6 Miami Firefighters Were Fired For Placing A Noose Around A Black Coworker's Family Photo

by Joseph D. Lyons
Pamela Martin/Getty Images News/Getty Images

Following a civil investigation by fire department executives, six Miami firefighters were reportedly fired after a noose was placed on a black co-worker's family photo at their fire station. They also reportedly drew penises on family photos that included the man's wife and one of his kids with their grandmother, the Miami Herald reported Wednesday, the day on which the firefighters in question were terminated.

Another five firefighters were investigated; they reportedly remain employed but "under scrutiny." In total, more than 20 people were interviewed under oath as a part of the investigation — 11 had been put on administrative leave leading up to the firings, and the personnel at the fire station in question was reassigned.

A released statement from Miami City Manager Daniel Alfonso said the following:

We cannot and will not tolerate behavior that is disrespectful, hurtful and compromises the integrity of the department and the City of Miami. ... It is the policy of the City of Miami to provide a workplace for all employees that is free from intimidation, threats or violent acts.

Bustle has reached out to both the Miami city manager's office and the Miami Department of Fire-Rescue for comment.

Meanwhile, Freddy Delgado, who heads Miami's chapter of the International Association of Fire Fighters as president, struck a more cautious tone in a statement provided to Bustle:

We expect all of our members to be provided a safe, comfortable workplace and also to fair and complete investigations and just discipline when it's warranted. We have not yet been provided with all the information that the city relied upon in making the decisions it did today. We are very disturbed by the allegations and look forward to the opportunity to review all the facts.

The firefighters relieved of duty were Kevin Meizoso, David Rivera, Justin Rumbaugh, Harold Santana, Alejandro Sese, and William W. Bryson, son of former Miami Fire Chief William "Shorty" Bryson.

According to the Miami Herald report, the letters of termination delivered to the firefighters included information on who was accused of what. One came up with the idea and took the photos, another three drew on them, and a fifth firefighter returned the photos to their frames. Bryson "is accused of failing to stop the vandalism and of ignoring requests from subordinates to come forward and report the incident," the Herald reported. It was not clear who made the twine noose.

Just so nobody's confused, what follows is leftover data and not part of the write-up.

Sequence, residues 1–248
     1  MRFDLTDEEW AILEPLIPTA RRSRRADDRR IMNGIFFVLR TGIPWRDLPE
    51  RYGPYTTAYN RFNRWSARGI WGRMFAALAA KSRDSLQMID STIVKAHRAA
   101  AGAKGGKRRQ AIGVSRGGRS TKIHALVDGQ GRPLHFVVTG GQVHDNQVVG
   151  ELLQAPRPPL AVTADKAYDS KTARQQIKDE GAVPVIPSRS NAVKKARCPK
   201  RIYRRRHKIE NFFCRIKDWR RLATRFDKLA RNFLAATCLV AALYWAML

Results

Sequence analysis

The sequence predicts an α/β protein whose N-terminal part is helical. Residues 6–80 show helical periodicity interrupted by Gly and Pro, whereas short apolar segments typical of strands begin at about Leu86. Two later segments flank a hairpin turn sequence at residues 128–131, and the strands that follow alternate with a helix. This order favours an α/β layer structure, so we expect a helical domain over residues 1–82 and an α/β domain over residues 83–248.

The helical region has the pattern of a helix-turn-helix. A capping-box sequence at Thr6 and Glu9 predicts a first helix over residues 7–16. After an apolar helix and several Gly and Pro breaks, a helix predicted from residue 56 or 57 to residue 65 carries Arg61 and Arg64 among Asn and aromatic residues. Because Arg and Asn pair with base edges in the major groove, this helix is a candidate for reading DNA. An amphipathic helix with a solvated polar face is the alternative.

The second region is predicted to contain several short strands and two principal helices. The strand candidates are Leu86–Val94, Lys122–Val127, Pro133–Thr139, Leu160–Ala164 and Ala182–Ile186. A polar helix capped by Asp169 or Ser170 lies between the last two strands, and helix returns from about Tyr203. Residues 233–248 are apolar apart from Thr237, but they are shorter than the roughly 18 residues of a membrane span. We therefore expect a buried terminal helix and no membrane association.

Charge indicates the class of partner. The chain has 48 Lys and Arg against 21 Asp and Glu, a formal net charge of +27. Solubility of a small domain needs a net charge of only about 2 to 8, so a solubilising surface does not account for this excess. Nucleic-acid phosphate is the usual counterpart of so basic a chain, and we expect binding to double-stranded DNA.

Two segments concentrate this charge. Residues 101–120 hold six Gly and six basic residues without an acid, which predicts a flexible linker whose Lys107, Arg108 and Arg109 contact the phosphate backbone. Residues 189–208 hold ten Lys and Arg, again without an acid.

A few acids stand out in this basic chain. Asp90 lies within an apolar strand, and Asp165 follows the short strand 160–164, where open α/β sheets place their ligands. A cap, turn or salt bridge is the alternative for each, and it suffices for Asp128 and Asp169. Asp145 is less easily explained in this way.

More information will be shared on Friday when the city holds a press conference, the Miami Herald reported. The firefighters can appeal the firing through city rules.

The Washington Post further delved into the backstory, focusing on Bryson's father, the former fire chief. In 1992, the elder Bryson, who was then in charge of the local union, kicked 62 black firemen out of the union after they complained about not receiving fair promotions compared with their white colleagues. The Equal Employment Opportunity Commission came down on the side of the black firefighters and ordered they be reinstated.

Another similar incident occurred in nearby Miami Beach, back in 2012, also a case of sexual harassment. Brian Gentles, a then-26-year-old black recruit, told the Miami New Times that other recruits would place their exposed testicles on his face, and that one of the superiors even reportedly handed him a Burger King application and said, "Go and be with your people."

"The City of Miami Beach and the Miami Beach Fire Department take allegations of misconduct or discrimination seriously and investigate such matters thoroughly," the city's then-fire chief Javier Otero told the paper in an email. "Once this investigation comes to a close, we will disclose the findings accordingly."

Now, years later, the department is facing a very similar scandal. Taking proactive measures may be warranted so that the city can "provide a workplace for all employees that is free from intimidation, threats or violent acts," as it promises in the city manager's statement.